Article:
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The Diane Blood Case (1997)

Helen Watt on the ethics of using a deceased husband's sperm to produce a child. A pdf is available here.

The case of Diane Blood, who sought permission from the courts to be inseminated with her dead husband's sperm, aroused a great deal of public sympathy. Many took the view that Diane Blood's desire to have her husband's child should certainly be satisfied, and that it was harsh and pedantic to attempt to use the law to prevent this.

It is, however, important to do justice to all the moral issues raised by this case - particularly in view of the fact that the interests of Mrs. Blood herself were not, perhaps, as clear-cut as has sometimes been maintained.

Consent to use of sperm

The case was discussed very largely in terms of consent. Thus some argued that written consent was required for the posthumous use of sperm in fertility treatment, while others argued that the fact that Mr. Blood had agreed with his wife that this could happen should the need arise sufficed to constitute consent.

It is, in fact, doubtful that an unwitnessed oral exchange between husband and wife can be seen as formal consent to something as momentous as the posthumous creation of a child. Moreover, it can be argued that one simply cannot give valid consent to the extraction of one's gametes for reproductive purposes after one falls permanently unconscious, or after one dies. (Compare the case of sexual acts performed on a person in a coma: morally, these would constitute rape of that person with or without prior consent to such acts being performed.)

Respect for human generation

Whether or not some form of prior consent is given to the taking of sperm from a dead or unconscious person, it is wrong to use a dead or unconscious person as a source of genetic material for the generation of a child.

Generating a child is an act of great importance, which must take place in a way which is consistent with good parenthood and the welfare of the child. Where a child is created through a conscious, loving, interpersonal act between husband and wife, he or she comes into being by means of an act which has its own inherent dignity, even apart from the fact that conception may result. Symbolically, marital intercourse is, or can be, an expression of the couple's unconditional acceptance of each other, in a way which is receptive - or, at least, not intentionally hostile - to a new human life. Whether or not such intercourse does succeed in generating life, it will be worthy of doing so by virtue of its inherent significance. The couple are prepared, by such an act, to welcome a child into their own relationship, and to treat him or her as a person equal in dignity to themselves.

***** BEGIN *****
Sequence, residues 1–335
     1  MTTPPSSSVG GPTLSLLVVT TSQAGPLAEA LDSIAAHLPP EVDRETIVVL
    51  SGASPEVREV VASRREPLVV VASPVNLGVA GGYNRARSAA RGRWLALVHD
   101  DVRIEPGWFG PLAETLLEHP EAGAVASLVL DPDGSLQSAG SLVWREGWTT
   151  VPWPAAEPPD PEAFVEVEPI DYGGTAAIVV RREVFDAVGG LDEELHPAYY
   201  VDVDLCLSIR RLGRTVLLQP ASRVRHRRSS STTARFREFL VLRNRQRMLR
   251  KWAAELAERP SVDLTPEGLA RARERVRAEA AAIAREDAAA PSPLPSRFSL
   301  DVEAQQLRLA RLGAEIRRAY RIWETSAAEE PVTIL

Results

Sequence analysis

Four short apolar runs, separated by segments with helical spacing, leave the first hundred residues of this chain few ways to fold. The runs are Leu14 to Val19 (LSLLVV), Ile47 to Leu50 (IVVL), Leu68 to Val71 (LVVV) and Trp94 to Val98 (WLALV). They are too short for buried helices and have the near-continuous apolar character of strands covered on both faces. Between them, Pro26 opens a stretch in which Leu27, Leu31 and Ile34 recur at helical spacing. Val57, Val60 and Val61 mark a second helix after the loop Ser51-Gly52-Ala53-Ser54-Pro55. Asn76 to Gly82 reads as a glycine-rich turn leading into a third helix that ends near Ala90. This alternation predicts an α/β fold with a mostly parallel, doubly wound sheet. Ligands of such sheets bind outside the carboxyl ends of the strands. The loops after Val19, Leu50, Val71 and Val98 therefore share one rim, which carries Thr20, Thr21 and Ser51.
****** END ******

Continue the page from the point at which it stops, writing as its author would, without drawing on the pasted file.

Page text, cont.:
In contrast, where a child comes into being, as far as the parents are concerned, through the manipulation of their gametes, he or she is produced by a process very similar to the manufacture of an object: a process only explicable in terms of the parent or parents' desire to 'make' a child. The danger is that the parents will be more inclined to think of their child as an object of possession if the child comes into being by means of an act with the symbolic content of production. The impact of this symbolic content can, indeed, be seen in the widespread abuse of the 'products' of non-sexual conception: these embryos are mass-produced, screened, discarded, used in experiments, etc. There is therefore nothing abstract about concern to protect the symbolism of natural procreation; such concern is amply justified by the way many children (though not, of course, all children) are treated after non-sexual conception.

Generation of children from dead parents

Where a dead or unconscious person is used as a source of reproductive material, it is clear to what extent the child's creation has been deprived of personal significance. An act of artificial insemination, where the father has already died, cannot represent the couple's ongoing commitment to each other. Nor can it lead to the 'welcoming in' of new life to an existing relationship. The father is no longer present as a living human being; to use a part of him to make a child is a travesty of normal conscious human procreation.